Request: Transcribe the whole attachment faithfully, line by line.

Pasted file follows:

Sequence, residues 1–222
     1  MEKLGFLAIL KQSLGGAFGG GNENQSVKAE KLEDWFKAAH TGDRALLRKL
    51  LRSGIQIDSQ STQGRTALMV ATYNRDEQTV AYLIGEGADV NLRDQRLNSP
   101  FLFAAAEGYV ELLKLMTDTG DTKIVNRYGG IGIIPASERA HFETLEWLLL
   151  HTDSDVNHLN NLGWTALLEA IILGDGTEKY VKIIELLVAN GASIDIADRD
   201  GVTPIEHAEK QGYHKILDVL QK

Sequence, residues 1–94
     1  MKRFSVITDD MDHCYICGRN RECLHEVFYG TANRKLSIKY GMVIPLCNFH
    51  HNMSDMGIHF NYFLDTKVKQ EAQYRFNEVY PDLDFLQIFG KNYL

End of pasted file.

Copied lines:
Sequence, residues 1–222
     1  MEKLGFLAIL KQSLGGAFGG GNENQSVKAE KLEDWFKAAH TGDRALLRKL
    51  LRSGIQIDSQ STQGRTALMV ATYNRDEQTV AYLIGEGADV NLRDQRLNSP
   101  FLFAAAEGYV ELLKLMTDTG DTKIVNRYGG IGIIPASERA HFETLEWLLL
   151  HTDSDVNHLN NLGWTALLEA IILGDGTEKY VKIIELLVAN GASIDIADRD
   201  GVTPIEHAEK QGYHKILDVL QK

Sequence, residues 1–94
     1  MKRFSVITDD MDHCYICGRN RECLHEVFYG TANRKLSIKY GMVIPLCNFH
    51  HNMSDMGIHF NYFLDTKVKQ EAQYRFNEVY PDLDFLQIFG KNYL